Wednesday, March 3, 8pm at the Academy Cinema (CIty Centre, underneath the Auckland Public Library) The Academy Cinema has generously offered Amnesty International the chance to host the Auckland premiere of "AMANDLA! A REVOLUTION IN FOUR PART HARMONY" by Lee Hirsch. From 8pm we will be offering refreshments and the film will commence at 8.30pm. Tickets are $15 each, with all proceeds going to help Amnesty International's worldwide human rights work. You can purchase your tickets by posting a cheque (made out to "Amnesty International Auckland Central" to: AI Auckland Central Group, Flat 21, 93 Shortland St, Auckland Central. Tickets will be sent out by post, so payment should be received by Saturday 28th February. IMPORTANT: Please include your name and address, contact telephone number and email address - and the number of tickets requested. Book early to avoid disappointment! NB: Tickets cannot be purchased through the Academy Cinema. About "Amandla! A Revolution in Four Part Harmony" "Amandla!" won the Audience Award and the Freedom of Expression Award at the 2002 Sundance Festival, as well as the Critics Prize at the 2003 Sydney Film Festival. It traces South Africa's struggle for freedom through its joyous, defiant music, following events from the introduction of apartheid in 1948 to the election of Nelson Mandela as President in 1994.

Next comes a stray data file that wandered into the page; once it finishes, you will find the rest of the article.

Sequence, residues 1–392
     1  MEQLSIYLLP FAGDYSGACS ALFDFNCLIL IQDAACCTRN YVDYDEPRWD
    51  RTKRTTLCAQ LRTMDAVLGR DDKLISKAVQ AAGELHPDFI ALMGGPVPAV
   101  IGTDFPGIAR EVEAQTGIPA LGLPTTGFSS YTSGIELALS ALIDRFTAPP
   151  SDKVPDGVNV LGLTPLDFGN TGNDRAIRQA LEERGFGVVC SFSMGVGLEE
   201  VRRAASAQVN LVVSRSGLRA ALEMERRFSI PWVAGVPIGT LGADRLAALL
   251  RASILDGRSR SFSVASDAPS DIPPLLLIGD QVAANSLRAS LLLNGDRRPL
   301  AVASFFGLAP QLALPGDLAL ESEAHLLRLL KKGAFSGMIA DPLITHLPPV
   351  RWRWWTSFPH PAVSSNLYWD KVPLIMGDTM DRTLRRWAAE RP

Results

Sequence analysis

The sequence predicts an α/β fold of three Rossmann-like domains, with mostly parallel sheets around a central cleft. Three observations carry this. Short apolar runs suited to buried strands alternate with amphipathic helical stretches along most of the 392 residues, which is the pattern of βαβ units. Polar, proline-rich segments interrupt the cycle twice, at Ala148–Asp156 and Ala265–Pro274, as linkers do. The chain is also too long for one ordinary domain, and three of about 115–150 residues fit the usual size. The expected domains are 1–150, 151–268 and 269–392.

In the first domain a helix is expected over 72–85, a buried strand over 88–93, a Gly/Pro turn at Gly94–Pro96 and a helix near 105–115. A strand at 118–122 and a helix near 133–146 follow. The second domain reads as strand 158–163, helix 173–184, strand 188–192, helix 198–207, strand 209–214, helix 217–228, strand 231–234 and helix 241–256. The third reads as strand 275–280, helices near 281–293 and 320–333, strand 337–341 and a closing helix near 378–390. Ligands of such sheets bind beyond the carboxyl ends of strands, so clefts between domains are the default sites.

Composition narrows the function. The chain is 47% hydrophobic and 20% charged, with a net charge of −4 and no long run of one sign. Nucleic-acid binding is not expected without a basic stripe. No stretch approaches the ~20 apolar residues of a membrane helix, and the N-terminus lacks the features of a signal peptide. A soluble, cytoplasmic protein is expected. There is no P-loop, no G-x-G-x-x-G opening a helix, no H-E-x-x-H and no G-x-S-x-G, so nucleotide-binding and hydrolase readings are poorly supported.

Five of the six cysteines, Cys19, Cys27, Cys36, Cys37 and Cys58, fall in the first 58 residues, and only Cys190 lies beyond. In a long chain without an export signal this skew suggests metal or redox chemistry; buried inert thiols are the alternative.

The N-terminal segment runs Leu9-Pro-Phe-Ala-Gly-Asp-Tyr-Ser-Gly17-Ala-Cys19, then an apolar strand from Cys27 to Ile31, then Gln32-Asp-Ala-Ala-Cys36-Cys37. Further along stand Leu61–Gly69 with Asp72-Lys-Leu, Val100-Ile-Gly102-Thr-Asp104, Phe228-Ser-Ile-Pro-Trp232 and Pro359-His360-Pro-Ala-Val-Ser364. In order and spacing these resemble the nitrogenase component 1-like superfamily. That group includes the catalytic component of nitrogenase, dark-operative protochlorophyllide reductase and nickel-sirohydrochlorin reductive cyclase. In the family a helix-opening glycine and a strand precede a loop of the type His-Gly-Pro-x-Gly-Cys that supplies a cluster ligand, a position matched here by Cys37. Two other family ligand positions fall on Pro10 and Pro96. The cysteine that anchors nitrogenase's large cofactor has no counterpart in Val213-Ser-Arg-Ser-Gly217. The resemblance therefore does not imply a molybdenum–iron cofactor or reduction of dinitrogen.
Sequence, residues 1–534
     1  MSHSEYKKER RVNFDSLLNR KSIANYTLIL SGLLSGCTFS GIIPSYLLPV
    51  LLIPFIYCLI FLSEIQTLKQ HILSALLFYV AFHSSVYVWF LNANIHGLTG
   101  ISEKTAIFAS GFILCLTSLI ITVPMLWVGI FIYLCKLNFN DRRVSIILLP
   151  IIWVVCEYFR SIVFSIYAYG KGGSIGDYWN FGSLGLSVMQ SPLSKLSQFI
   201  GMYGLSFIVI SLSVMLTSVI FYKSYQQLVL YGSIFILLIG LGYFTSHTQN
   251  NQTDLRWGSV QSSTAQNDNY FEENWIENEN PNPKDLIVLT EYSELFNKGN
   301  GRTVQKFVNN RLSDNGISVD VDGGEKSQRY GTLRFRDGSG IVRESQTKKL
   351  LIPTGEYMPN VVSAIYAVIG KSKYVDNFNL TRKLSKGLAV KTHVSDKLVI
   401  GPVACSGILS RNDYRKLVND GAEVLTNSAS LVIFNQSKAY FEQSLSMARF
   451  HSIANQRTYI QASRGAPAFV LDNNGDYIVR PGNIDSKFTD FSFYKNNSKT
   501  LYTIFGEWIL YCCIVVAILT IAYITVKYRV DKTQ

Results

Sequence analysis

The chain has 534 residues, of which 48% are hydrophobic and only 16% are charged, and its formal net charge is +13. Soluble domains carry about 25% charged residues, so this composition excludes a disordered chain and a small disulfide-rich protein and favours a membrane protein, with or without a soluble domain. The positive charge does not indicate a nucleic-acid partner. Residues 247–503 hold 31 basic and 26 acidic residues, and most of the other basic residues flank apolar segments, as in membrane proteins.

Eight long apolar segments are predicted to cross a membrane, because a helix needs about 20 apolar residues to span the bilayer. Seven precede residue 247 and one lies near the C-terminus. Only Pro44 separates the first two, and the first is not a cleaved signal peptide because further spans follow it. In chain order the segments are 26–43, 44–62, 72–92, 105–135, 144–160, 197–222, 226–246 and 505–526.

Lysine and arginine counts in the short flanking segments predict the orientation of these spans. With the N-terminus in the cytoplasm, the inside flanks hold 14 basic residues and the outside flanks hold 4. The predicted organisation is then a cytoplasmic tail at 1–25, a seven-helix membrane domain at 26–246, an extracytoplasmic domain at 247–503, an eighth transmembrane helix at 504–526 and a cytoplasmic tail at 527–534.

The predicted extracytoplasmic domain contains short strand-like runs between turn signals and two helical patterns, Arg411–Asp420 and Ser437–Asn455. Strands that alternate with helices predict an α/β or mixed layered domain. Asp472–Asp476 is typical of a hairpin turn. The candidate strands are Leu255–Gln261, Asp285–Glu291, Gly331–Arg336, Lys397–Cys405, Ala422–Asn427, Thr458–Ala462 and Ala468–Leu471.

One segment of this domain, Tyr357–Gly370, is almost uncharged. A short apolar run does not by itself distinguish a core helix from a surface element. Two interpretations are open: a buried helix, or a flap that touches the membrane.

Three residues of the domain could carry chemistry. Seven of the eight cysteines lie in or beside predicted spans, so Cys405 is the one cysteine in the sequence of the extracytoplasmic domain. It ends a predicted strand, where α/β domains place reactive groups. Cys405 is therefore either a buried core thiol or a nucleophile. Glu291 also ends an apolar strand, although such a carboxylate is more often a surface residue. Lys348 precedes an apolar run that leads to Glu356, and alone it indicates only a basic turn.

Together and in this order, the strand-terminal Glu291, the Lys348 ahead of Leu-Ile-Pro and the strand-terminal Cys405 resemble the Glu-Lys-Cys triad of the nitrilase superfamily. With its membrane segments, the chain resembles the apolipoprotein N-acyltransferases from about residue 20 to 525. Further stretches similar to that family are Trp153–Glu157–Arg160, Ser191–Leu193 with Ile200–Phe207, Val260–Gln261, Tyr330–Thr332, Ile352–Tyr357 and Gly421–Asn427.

Friday, March 5 to June 6, Auckland War Memorial Museum